Nonprofit community-based organizations across the country are mobilizing resources – often in collaboration with local governments and pro bono partners – to address these people’s legal needs, but a report* by CLALS reveals that access to counsel varies widely.

  • Access remains inadequate even in large receiving destinations like the Washington, DC, metropolitan area, where robust legal service infrastructures have developed in response to decades of immigration. In less traditional destinations, like North and South Carolina, only around a quarter of juveniles are represented in immigration proceedings.  In addition to geographical disparities, newcomers face differing odds of securing an attorney depending on their nationality.  Less than half of Central American minors nationwide have an attorney.  Based on a review of decided cases initiated in 2013-17, Salvadoran juveniles were more than twice as likely to be represented than their Guatemalan and Honduran counterparts, probably a reflection of the extent their communities are organized.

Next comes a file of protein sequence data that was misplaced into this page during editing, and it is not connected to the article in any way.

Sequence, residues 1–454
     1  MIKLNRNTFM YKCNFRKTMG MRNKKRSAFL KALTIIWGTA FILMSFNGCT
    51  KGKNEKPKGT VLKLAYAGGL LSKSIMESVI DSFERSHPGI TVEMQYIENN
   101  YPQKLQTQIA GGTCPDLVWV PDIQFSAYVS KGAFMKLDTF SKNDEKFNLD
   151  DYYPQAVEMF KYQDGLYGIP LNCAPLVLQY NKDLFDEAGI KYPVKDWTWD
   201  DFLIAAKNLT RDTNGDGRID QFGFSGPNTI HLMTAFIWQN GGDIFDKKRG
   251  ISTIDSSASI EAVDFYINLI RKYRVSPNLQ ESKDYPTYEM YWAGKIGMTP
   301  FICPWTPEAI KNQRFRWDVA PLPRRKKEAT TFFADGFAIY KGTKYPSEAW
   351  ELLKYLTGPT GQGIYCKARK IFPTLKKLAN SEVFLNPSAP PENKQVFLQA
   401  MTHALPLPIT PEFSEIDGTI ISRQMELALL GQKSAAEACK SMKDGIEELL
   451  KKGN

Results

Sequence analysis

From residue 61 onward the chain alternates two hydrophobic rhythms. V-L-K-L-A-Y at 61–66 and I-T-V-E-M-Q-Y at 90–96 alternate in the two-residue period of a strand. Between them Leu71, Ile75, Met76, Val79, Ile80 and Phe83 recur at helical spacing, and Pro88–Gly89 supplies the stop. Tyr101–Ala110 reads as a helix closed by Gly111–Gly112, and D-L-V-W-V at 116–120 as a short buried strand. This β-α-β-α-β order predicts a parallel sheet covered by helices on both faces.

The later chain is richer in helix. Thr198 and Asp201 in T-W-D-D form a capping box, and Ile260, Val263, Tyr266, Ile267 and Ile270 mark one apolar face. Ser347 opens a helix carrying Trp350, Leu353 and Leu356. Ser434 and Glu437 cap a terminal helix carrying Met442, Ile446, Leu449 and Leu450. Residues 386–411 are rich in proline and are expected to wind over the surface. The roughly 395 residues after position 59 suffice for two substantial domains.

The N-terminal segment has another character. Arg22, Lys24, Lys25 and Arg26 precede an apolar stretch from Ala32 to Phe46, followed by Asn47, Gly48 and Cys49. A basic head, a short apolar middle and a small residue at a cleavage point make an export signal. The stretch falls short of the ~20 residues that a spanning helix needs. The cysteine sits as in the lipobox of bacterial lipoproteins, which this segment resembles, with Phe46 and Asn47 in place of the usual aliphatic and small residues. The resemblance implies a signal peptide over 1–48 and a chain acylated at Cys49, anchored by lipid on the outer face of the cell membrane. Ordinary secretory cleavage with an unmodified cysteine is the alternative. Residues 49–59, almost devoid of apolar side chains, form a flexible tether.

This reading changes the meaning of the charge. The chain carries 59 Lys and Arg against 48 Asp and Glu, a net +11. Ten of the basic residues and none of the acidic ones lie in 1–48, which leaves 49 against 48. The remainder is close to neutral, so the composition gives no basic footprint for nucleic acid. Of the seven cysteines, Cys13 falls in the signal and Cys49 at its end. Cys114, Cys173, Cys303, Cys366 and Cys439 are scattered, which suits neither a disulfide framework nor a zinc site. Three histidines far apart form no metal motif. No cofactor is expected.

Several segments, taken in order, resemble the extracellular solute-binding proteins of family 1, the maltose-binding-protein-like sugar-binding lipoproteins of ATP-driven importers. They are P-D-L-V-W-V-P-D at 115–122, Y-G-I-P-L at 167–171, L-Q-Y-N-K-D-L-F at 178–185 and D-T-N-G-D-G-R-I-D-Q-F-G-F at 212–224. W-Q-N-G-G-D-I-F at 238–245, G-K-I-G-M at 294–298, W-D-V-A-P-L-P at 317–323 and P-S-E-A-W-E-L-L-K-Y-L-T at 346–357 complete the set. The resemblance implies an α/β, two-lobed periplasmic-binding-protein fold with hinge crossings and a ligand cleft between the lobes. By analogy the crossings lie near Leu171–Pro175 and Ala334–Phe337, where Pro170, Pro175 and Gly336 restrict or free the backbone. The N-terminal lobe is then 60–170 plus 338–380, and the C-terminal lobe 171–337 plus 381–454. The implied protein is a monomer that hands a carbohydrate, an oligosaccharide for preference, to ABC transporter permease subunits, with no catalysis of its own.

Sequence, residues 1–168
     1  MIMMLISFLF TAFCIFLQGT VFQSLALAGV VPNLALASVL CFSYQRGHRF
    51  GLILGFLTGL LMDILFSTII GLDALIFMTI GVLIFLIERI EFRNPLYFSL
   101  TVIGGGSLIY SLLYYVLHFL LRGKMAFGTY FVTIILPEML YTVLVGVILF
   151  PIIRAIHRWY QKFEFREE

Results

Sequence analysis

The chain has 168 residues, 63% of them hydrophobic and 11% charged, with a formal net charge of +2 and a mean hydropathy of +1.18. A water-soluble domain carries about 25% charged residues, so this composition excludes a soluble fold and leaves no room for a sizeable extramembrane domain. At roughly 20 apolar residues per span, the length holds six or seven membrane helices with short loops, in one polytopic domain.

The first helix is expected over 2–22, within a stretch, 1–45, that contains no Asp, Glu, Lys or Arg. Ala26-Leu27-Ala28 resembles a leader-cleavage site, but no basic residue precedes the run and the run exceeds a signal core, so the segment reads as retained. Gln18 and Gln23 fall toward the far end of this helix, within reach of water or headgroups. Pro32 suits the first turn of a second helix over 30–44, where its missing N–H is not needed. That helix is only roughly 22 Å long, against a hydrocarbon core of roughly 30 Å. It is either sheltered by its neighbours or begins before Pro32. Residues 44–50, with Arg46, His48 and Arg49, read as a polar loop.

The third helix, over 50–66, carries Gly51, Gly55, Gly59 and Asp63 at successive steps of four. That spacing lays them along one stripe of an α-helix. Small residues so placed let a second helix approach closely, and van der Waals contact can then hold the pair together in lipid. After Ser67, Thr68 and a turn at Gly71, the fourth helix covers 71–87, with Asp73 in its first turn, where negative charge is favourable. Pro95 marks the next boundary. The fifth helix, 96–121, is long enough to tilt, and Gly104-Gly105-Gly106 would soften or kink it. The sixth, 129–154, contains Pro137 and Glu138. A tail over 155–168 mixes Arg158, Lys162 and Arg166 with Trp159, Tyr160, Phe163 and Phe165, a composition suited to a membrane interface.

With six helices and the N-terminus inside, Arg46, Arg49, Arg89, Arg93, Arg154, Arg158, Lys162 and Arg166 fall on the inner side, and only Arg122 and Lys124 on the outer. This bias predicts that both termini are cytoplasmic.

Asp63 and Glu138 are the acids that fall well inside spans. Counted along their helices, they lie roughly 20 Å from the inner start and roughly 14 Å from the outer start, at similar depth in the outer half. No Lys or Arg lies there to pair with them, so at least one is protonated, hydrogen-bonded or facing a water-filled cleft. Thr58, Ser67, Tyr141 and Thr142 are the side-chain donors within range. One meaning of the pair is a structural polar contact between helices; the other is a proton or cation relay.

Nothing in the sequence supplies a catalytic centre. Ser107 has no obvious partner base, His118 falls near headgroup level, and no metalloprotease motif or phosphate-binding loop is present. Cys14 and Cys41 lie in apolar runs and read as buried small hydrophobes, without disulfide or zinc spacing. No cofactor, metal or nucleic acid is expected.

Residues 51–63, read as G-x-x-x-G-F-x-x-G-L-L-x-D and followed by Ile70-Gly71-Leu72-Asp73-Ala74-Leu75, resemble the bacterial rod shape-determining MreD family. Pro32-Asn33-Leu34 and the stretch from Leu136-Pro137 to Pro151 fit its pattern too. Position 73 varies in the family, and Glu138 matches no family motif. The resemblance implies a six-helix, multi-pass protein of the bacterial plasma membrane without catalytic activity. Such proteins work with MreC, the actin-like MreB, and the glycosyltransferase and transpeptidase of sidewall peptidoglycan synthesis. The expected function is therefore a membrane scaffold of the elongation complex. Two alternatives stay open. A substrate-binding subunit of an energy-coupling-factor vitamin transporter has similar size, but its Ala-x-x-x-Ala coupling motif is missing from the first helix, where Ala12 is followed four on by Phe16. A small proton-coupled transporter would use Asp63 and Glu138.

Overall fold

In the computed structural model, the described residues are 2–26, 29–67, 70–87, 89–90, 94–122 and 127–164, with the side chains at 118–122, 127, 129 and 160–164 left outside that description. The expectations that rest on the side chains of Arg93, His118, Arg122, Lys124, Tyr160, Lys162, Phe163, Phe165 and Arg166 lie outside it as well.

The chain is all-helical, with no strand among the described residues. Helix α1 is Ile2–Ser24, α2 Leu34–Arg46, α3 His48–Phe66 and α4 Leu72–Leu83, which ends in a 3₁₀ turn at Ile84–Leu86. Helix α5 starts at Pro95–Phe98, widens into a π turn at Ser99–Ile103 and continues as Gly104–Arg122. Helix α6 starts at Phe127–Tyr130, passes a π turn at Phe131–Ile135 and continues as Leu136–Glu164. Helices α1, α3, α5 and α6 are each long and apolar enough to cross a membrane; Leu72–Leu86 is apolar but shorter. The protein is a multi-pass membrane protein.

President Trump is justified in claiming that the immigration courts are inefficient – cases take an average of almost two years – but his proposal (tweeted on June 24) is to restore “Law and Order” and to “immediately, with no Judges or Court Cases, bring [migrants] back from where they came.”  His deeper dissatisfaction appears to be with a legal process that requires the impartial application of U.S. law – which for the majority of Central Americans fortunate enough to have an attorney results in a grant of legal status.  While this outcome may be unacceptable to the president, many localities across the United States have recognized the social and economic costs of destabilizing families and communities, and of depriving immigrant community members of due process.  Trump may hope that denying due process will dissuade individuals from entering or remaining in the United States, but the crisis in the U.S. immigration adjudication system is likely to remain serious, and tens or even hundreds of thousands more newcomers are likely to join the millions of immigrants already living in the shadows.